Whether prototyping or creating busbars for production runs we often want high quality parts and this is where photo etching comes into it’s own.
Advanced Chemical Etching take us through the process of photo etching and how this can be used to create high quality aluminium or copper parts.
We are concentrating on busbars, but let your imagination run with what this process could allow you to do.
Traditionally, processes employed in metal profiling to produce metal parts and components have included stamping, punching, laser and water jet cutting. These methods impart inevitable stress on the material, and can result in distortion, burrs and surface imperfections, leading to a loss of integrity and quality in the finished component.
Hard tooling methods can involve long lead times, especially when alterations are required, and costs that scale quickly as design complexity increases. Here at ACE we are constantly challenging the normal chemical etching process route. We continue our research into developing new, precision etching processes in our R&D laboratory. We are constantly evolving this unique process into a competitive engineering route for virtually every industry.
WHY IS PHOTO ETCHING DIFFERENT?
Photo etching, also known as chemical etching, is a very precise method of metal cutting and etching that uses specially formulated acids such as Ferric Chloride (FeCI3) to produce designs on flat sheets of metal with thicknesses up to 2.5mm. Due to the nature of this process, it is possible to etch designs with an unrivalled level of complexity, incorporating special features, in most metals, with thicknesses ranging from 5mμ to 2.5mm.
THE ACE ETCHING PROCESS
Our process starts with low cost digital tooling, where we receive data from the customer in the form of a DXF/DWG file or dimensioned drawing. This method allows customers the flexibility to include several variations of a design on one sheet of metal. Once a sample has been approved and the best design chosen, ACE uses the same data to produce a photo tool for higher volumes.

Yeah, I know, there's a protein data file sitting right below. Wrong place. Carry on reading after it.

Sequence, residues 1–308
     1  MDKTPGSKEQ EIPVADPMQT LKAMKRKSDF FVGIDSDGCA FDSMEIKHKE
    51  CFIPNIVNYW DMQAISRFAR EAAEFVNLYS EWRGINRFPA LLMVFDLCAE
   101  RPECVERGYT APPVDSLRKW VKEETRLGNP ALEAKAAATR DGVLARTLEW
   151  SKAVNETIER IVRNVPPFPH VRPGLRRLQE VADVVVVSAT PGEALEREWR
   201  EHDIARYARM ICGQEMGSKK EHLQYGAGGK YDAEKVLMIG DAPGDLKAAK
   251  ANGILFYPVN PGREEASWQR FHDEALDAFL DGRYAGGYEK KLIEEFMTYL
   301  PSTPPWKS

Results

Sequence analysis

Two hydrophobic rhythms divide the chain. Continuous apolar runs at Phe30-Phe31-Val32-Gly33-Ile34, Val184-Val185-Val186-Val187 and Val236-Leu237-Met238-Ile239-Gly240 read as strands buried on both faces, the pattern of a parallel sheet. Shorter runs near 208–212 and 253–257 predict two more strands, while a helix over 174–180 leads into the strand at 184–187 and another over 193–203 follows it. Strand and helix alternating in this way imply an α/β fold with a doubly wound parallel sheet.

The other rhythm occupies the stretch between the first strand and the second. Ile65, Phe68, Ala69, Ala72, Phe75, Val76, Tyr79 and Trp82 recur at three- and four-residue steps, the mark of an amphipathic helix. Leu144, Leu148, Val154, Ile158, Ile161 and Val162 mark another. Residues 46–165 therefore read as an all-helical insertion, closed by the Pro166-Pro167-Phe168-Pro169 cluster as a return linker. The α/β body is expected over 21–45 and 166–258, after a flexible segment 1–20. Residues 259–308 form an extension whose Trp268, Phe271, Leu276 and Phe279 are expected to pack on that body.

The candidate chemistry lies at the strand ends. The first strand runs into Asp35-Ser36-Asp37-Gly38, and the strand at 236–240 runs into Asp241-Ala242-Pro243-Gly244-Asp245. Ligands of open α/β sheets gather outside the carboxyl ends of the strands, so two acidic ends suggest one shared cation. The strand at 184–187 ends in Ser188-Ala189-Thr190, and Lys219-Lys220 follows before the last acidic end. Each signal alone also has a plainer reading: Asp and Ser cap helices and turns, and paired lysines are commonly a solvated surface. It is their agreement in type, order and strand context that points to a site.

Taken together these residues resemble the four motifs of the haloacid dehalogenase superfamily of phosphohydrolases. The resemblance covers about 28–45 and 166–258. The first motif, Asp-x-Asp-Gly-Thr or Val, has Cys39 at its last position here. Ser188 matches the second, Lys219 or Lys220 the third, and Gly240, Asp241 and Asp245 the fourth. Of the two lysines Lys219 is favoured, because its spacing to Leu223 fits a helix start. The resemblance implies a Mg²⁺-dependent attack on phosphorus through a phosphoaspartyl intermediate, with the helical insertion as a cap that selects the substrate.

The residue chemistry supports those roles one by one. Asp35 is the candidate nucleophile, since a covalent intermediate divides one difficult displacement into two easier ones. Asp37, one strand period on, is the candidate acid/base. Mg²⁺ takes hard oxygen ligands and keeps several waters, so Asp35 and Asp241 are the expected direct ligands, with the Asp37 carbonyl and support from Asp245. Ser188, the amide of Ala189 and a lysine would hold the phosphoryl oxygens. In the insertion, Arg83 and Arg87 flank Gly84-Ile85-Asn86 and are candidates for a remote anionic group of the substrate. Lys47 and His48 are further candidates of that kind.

The photo tooling can be modified in a matter of minutes, and samples produced in hours, not days or weeks. Once the design is printed onto the chosen grade of metal sheet and chemically developed, the sheet is passed through the etching machine on a conveyor, where the acid solution is sprayed and attacks the unprotected surfaces of the metal, until the chemical etching process is completed, and the resulting components can be rinsed and inspected. This process allows for the highest possible level of flexibility and complexity at the best price – and produces a product of the same consistency and quality from the first etching to the last, without the characteristic drawbacks of other cutting methods.
For those that don’t know, tell us about ACE? Located in the heart of the UK, Advanced Chemical Etching Ltd (ACE) uses innovative chemi etching processes to manufacture precision metal components from prototypes to volume, providing today’s product development engineers greater flexibility in design and shorter lead times. ACE is the leader in innovative metal etching in the UK, and supplies many sectors with precision metal etching– making the difference in innovation, technology and manufacturing.